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Current concepts in the management of Helicobacter pylori infection - The Maastricht III Consensus Report
  1. Peter Malfertheiner (peter.malfertheiner{at}medizin.uni-magdeburg.de)
  1. University of Magdeburg, Germany
    1. Francis Megraud (francis.megraud{at}chu-bordeaux.fr)
    1. Laboratoire de Bacteriologie - C.H.U. Pellegrin, France
      1. Colm O'Morain (gastroenterology{at}amnch.ie)
      1. Adelaide and Meath Hospital, Trinity College, Eire
        1. Franco Bazzoli (bazzoli{at}alma.unibo.it)
        1. University di Bologna, Italy
          1. Emad El-Omar (e.el-omar{at}abdn.ac.uk)
          1. Aberdeen University, United Kingdom
            1. David Graham (dgraham{at}bcm.tmc.edu)
            1. Michael E. DeBakey VAMC, and Baylor College of Medicine, United States
              1. Richard Hunt (huntr{at}mcmaster.ca)
              1. McMaster University, Canada
                1. Theodore Rokkas (sakkor{at}otenet.gr)
                1. 'Henry Dunant Hospital', Athens, Greece
                  1. Nimish Vakil (nvakil{at}wisc.edu)
                  1. University of Wisconsin Medical School, United States
                    1. Ernst Kuipers (e.j.kuipers{at}erasmusmc.nl)
                    1. Erasmus MC University Medical Center, Netherlands

                      Abstract

                      The European Helicobacter Study Group (EHSG) convened the third Maastricht Consensus conference, to update guidelines on the management of Helicobacter pylori. The guidelines cover indications for therapy, management and treatment strategies. The potential of H. pylori eradication for the prevention of gastric cancer was underlined. The eradication of H. pylori infection is recommended in patients with (i ) gastro-duodenal pathologies such as peptic ulcer disease and low-grade gastric mucosa-associated lymphoid tissue lymphoma (MALT lymphoma), (ii) atrophic gastritis, (iii) first-degree relatives of gastric cancer patients, (iv) unexplained iron deficiency anaemia (v) chronic idiopathic thrombocytopenic purpura. Recurrent abdominal pain in children is an indication for a test and treat strategy if other causes are excluded. The eradication of H. pylori infection (i) does not cause gastro-oesophageal reflux disease (GORD) or exacerbate GORD, and (II) may prevent peptic ulcer in patients who are naïve non steroidal anti inflammatory drugs (NSAIDs) users. H. pylori eradication is less effective then proton pump inhibitor treatment in preventing ulcer recurrence in long term NSAID users. In primary care a `Test and Treat' strategy using a non invasive test is recommended in adult patients with persistent dyspepsia under the age of 45 (the age cut-off may vary locally). The non-invasive tests that should be used for the diagnosis of H. pylori infection are the urea breath test, stool antigen tests and serological kits with a high accuracy. Triple therapy using a PPI with amoxicillin and clarithromycin or metronidazole given twice daily remains the recommended first choice therapy. Bismuth containing quadruple therapy, if available, is also a first choice treatment option. Rescue therapy should be based on antimicrobial susceptibility. The global burden of gastric cancer is considerable but varies geographically. Eradication of H. pylori infection has the potential to reduce the risk of gastric cancer development.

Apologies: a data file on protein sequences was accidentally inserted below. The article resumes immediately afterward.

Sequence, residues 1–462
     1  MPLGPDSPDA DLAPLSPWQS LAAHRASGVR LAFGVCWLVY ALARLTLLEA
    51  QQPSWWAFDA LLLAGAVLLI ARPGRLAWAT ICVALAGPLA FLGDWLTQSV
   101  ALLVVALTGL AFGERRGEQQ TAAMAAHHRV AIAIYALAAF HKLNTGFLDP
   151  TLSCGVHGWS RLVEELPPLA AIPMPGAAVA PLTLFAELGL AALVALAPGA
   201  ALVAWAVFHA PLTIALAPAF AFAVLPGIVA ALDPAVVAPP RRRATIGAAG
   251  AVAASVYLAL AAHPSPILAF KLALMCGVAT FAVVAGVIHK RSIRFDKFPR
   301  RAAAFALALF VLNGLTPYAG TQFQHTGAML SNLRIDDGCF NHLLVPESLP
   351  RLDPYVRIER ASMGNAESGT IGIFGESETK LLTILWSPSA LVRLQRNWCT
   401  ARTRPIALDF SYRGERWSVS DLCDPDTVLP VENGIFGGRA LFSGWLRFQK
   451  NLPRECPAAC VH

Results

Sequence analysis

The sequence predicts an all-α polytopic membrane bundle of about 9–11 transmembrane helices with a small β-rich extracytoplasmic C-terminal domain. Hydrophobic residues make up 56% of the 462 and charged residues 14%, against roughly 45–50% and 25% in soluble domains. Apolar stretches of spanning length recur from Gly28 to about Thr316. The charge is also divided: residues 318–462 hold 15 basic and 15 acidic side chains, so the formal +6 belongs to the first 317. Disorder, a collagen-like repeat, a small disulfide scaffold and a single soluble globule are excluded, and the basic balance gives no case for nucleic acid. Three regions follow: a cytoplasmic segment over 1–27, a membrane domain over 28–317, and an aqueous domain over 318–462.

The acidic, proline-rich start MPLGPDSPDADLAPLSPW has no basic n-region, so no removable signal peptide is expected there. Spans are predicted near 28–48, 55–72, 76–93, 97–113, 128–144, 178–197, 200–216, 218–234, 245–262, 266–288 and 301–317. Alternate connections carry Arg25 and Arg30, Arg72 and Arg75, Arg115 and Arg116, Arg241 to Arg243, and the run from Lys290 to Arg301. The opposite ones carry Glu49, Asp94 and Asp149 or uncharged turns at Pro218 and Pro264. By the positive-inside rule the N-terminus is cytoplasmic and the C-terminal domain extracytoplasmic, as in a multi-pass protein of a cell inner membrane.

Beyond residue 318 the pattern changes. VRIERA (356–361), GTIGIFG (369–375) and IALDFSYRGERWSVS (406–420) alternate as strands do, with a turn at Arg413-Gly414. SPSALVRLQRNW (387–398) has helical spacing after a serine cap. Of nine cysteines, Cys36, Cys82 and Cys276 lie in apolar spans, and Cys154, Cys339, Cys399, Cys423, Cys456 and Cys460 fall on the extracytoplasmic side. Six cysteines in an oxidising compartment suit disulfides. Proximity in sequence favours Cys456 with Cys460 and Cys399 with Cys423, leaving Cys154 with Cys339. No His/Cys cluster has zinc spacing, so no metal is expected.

• Helicobacter pylori infection
                      • diagnosis
                      • indications
                      • prevention
                      • therapy

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